Ahead of the 2020 election, all eyes are on Silicon Valley as some of the biggest tech companies attempt to prevent the sorts of foreign election interference that plagued their platforms the last go around. And it looks like these typically fierce rivals have chosen to set aside their differences—at least for a little while—to band together against those foreign forces.
On Wednesday, Facebook, Twitter, Google, and a half-dozen other major tech organizations, posted a “joint industry statement” on how they’re collaborating with federal agencies to “protect the integrity” of the coming U.S. election. And I don’t know about you, but after reading through this statement, I’m left with more questions than answers.
First, there’s the question of the names behind the statement itself. Most of them make sense: In the 2016 election, Russian operatives bought political ads on Facebook that ended up reaching more than 100 million Americans. Twitter’s been overrun by similar attempts to sow discord among the American public, as has Reddit and Google-owned YouTube. Last year, Microsoft reported Iranian hackers with apparent government ties made thousands of attempts to breach their systems and identify the email accounts of government officials and political journalists. Pinterest, the platform better known for recipes and home decor ideas, also became a hotbed of political misinformation in the run-up to 2016, according to the company. And while political misinformation has been known to crop up on Wikipedia from time to time, the company’s reams of volunteers are known to be adept at snuffing it out.
But the other two names—LinkedIn and Verizon Media—aren’t really what most people would think of when they think of election interference. Though LinkedIn has its fair share of right-wingers, and there was that one time the company’s co-founder accidentally funded his own social media propaganda campaign to get Democratic candidate Doug Jones into office, the company’s actually done a pretty good job of keeping any misinformation-y drek off its site for a while now.
As for Verizon... what?
(Gizmodo asked Verizon exactly what kind of political interference it’s experienced on any of its properties—and how it’s working to fend them off—but thus far, the company hasn’t responded.)
And that’s just the start. In the statement, the companies mention that they “regularly meet with US government agencies tasked with protecting the integrity of the election.” OK, which agencies? Then, of course, there’s the question of how long each of these companies has been meeting with these federal authorities since the statement says Wednesday marked “the latest” in a series of ongoing meetings. On these points, we have a least the most basic of answers.
A Twitter spokesperson told Gizmodo that these meetings have been happening regularly since 2018—and while the company wouldn’t cough up the specifics of the meeting that happened yesterday, the company told us that the federal names in the room included the Cybersecurity and Infrastructure Security Agency (CISA), the FBI’s Foreign Influence Task Force, DOJ’s National Security Division, and the Office of the Director of National Intelligence (ODNI).
We also asked Twitter —and the other companies on the list—about what they’re actually seeing on their platforms thus far, and what they’re expecting to see moving forward. Earlier this month, a group of senators was briefed by some of these intelligence agencies on the topic of foreign interference specifically, with the promise that some of these specs would be released to the public sometime soon. But as Politico reported at the time, partisan in-fighting about how much to disclose has caused those announcements to be a bit delayed with no definite ETA in sight.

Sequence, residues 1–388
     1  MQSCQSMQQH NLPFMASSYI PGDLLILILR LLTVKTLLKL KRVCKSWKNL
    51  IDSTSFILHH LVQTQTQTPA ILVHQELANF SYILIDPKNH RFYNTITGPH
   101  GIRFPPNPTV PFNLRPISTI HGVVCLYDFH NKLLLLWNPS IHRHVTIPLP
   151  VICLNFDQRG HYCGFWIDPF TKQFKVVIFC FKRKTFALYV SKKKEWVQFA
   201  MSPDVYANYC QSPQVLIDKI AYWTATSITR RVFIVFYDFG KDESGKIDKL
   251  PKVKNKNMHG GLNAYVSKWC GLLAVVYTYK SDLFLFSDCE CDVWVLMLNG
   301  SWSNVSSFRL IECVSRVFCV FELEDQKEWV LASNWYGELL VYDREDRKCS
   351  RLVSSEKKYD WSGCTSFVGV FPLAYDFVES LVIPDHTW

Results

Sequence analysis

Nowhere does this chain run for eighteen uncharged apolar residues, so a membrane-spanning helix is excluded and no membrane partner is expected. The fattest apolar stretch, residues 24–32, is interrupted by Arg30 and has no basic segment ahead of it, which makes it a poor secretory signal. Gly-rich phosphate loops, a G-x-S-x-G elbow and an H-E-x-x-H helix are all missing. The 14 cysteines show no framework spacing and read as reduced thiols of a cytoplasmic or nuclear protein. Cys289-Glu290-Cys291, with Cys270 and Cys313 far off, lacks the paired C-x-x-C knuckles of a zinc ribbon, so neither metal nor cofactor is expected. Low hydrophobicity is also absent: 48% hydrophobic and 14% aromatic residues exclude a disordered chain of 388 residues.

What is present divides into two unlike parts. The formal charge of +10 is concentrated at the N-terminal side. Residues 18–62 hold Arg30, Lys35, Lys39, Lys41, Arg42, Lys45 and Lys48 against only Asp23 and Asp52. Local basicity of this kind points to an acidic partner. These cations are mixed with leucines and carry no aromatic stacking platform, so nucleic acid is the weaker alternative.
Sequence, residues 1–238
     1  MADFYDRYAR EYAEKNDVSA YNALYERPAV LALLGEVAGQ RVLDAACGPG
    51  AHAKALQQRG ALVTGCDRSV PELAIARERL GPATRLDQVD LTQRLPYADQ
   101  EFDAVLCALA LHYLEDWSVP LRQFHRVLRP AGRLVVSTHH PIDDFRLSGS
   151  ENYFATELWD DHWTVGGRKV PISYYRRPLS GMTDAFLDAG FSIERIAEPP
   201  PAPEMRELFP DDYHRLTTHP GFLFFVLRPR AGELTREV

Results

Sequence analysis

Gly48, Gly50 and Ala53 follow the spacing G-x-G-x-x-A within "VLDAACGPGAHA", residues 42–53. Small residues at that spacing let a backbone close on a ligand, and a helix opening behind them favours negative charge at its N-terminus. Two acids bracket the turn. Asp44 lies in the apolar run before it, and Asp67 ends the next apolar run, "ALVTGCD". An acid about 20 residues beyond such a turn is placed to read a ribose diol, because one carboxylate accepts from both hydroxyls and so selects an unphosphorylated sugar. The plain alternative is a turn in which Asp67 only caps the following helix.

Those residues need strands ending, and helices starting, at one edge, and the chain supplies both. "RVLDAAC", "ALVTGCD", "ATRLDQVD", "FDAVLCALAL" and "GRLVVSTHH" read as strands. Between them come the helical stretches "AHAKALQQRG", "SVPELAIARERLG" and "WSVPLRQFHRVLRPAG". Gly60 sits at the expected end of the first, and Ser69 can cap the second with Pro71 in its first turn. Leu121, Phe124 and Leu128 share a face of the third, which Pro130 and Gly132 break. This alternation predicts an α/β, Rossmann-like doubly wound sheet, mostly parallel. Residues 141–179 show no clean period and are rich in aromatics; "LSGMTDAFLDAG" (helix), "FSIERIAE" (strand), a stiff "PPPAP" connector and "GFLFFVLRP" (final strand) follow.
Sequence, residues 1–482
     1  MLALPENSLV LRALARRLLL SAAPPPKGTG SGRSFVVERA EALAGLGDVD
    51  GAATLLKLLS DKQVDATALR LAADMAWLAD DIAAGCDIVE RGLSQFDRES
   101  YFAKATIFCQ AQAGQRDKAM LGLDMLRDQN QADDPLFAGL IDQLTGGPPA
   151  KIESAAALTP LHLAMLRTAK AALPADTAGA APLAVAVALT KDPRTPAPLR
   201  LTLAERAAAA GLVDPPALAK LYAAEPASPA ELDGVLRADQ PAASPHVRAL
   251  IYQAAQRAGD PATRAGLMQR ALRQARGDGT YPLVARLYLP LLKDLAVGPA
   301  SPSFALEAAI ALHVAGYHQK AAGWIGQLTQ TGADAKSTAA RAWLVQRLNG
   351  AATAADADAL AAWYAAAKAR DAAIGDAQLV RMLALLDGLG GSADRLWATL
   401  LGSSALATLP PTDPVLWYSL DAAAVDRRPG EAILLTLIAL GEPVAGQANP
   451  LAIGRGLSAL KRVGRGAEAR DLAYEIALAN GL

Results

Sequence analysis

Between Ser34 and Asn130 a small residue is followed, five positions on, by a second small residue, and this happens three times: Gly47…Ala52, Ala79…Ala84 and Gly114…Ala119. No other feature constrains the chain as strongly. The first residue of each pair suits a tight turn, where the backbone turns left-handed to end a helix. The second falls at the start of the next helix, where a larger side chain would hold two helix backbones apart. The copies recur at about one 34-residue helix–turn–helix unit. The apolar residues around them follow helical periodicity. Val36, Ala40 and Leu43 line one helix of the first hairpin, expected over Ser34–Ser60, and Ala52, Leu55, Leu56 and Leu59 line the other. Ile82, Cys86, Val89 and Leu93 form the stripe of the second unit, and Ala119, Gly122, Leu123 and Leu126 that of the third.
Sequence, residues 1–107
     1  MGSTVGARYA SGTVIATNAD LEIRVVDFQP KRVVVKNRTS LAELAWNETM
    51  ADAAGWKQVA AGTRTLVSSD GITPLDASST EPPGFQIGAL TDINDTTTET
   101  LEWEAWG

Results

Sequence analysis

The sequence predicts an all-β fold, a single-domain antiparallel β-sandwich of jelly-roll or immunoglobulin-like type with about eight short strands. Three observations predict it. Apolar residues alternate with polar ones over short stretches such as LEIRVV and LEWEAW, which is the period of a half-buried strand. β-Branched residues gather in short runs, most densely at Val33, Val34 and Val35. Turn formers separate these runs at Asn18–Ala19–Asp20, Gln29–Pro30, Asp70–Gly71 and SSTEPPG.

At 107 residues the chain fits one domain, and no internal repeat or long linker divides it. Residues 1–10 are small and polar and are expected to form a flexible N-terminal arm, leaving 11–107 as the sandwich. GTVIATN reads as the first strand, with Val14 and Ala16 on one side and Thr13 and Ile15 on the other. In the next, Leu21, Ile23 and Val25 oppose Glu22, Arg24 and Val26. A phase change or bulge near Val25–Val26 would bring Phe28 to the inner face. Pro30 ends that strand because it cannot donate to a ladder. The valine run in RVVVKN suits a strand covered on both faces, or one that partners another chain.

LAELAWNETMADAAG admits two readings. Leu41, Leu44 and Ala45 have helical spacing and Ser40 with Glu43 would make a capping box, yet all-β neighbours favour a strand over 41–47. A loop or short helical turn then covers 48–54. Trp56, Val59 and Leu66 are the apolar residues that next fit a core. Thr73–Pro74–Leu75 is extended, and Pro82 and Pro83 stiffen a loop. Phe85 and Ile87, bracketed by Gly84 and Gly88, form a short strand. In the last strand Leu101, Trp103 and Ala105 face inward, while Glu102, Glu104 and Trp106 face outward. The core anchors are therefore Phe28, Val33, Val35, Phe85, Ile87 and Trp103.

The U.S. State Department did recently release a report detailing Russian election interference that is frightening—but that’s just what’s been approved for public consumption. The information that remains a government secret is apparently bad enough that Sen. Richard Blumenthal, who was among those briefed on the classified material, thought it was bad enough to write an op-ed for the Washington Post warning, “The facts are chilling. I believe the American public needs and deserves to know them. The information should be declassified immediately.”
Finally, there’s the question of what preparations, exactly, these companies are taking to protect each of their respective platforms. Does it involve Facebook’s famously faulty hate-speech sniffing algorithms? Does it involve Pinterest hiring more content moderators to work in “nightmare” conditions? Will Microsoft once again resurrect Clippy to fend off any alleged Russian actors?
OK, that last one might’ve been asked in jest, but those other questions are ones that deserve answers. We’re looking at one of the most complicated presidential elections in decades, and one where the sitting president is already laying the groundwork to dispute the results and claim a false victory over the opposing side if he loses. If the American public is expected to make an informed decision—or hell, any decision—about where to put their votes come November, then we need more information and transparency right now, not less and not later. We need some sort of window behind the scenes to know who’s doing what (and how), so we can have any hope of navigating the information hellscape.
Or we can just keep relying on Facebook and its ilk to be the gatekeepers here, and rely on them to solve their problems themselves. After all, what’s the worst that could happen?